The first historical treatment of his death was 100 years after it occurred, where his humiliation in death (which was likely posthumous defamation) was already likely to have been held as fact. The crossbow story was documented later. The wounds and disease descriptions are likely rational conclusions completely rejecting the privy story. The run-of-the-mill murder hypothesis is based on the believing the death occurred in the castle of Eadric Streona of Mercia, a supporter of King Cnut, while discarding how the historian described the death-by-privy.

Means of death reported for Edmund.

Edward II & monarchs who met a nasty end.

TL;DR: as only a king can levy a tax, by throwing money on the cloth, they voluntarily pay a tax, showing their allegiance and support to him, and at the same time, recognizing him as the 'real' king of England (against Cnute).

  • Thanks for very useful information. When you write "Oddly enough, the coins they paid (pennies) were likely Cnut pennies", isn't it plausible that coins bear the face of the late king Aethelred instead? Cnut probably didn't have time to mint coins (as he mentioned to Harald before he leaves: "next time, these will bear my face"). Might be just nitpicking, no offense intended :)
    – OldPadawan
    May 21 at 5:58
  • Possible, but unlikely. All Kings levied a "die" tax by decreeing a new coin and then charging Moneyers (3rd party coin stampers) for the new dies. Most existing coin would then be restamped, except for lost coins or those out of circulation. King Cnut's coin would have effectively replaced nearly all coins in circulation, and there's good indication that it would have been the only valid money. bbc.co.uk/history/trail/conquest/wessex_kings/…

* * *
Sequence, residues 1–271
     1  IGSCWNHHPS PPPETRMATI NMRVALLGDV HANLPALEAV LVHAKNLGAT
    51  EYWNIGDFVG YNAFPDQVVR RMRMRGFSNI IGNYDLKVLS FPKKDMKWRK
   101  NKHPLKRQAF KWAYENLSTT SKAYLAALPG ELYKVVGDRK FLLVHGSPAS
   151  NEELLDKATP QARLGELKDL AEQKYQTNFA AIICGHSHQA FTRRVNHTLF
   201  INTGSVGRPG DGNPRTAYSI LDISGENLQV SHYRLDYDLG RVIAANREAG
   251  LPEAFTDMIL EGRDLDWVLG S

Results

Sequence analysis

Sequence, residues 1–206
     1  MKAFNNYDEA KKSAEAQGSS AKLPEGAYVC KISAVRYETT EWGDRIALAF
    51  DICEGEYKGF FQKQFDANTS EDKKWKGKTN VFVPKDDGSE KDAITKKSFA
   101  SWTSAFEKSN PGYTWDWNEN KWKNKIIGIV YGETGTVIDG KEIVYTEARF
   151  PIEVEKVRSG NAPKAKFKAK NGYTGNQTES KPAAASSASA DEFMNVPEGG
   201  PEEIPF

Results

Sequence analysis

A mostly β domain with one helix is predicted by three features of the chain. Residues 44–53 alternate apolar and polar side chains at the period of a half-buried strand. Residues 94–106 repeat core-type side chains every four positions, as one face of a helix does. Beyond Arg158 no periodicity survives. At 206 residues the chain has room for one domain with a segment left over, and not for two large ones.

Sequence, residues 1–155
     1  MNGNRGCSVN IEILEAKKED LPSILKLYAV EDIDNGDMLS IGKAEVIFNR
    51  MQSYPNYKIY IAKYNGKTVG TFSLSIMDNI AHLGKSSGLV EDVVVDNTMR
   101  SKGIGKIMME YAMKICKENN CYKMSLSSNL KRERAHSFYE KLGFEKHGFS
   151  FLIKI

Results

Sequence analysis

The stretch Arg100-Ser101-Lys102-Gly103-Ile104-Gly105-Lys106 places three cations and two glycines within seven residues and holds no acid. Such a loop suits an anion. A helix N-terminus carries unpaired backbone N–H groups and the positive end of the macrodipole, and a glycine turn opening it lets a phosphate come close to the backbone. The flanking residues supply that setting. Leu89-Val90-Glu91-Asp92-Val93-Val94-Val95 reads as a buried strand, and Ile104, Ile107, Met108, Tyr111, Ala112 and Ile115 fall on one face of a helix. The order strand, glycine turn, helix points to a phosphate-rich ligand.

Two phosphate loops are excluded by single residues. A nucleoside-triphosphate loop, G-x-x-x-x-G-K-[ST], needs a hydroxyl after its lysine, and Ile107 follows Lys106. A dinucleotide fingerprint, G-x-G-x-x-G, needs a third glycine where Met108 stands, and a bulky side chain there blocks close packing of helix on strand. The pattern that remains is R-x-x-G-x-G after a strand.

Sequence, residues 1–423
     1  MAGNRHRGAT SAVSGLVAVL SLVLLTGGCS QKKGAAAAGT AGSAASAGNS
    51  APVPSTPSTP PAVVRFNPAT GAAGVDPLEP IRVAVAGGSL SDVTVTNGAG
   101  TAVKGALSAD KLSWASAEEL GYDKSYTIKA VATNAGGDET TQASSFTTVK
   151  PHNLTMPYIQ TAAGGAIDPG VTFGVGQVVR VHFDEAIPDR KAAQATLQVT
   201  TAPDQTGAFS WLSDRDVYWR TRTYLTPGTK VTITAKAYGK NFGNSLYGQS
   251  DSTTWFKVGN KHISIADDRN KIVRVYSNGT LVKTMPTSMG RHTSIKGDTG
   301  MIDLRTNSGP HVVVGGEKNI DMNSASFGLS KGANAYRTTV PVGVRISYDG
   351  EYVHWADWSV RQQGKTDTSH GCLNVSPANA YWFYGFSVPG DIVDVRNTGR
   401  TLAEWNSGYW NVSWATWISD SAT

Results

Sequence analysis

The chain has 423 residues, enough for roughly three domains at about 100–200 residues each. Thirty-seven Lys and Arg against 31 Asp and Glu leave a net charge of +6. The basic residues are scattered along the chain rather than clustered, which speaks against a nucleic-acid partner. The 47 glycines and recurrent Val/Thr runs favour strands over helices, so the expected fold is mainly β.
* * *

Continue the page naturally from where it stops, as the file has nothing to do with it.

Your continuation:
– Edwin Buck
    May 21 at 14:10
  • And Cnut coins are known to have been stamped in 1016. Unless this is immediately before Cnut could distribute the dies to the Moneyers, then the coins would be those of Edward II coincraft.com/edward-ii-1307-1327#orderby=5 not Aethelred.
    – Edwin Buck
    May 21 at 14:16
  • Well, the series is obviously trying to be historically accurate; but, King Cnut would never have to make the time to remint the coins. His staff create dies for his approval (a few days), distribute them to Moneyers, and decree it would be the only valid tender. People would then voluntarily surrender their old coins to be restruck so they could be used for commerce. The entire process would only disrupt commerce for a very short period as everyone wanted the new coin, payment with the old was invalid. (no worries about the nit-pick, I didn't read it as such)
    – Edwin Buck
    May 21 at 15:00
  • My digest/understanding is then: as only a king can levy a tax, by throwing money on the cloth, they voluntarily pay a tax, showing their allegiance and support to him, and at the same time, recognizing him as the 'real' king of England. Can we accept this as an answer?
    – OldPadawan
    May 22 at 15:52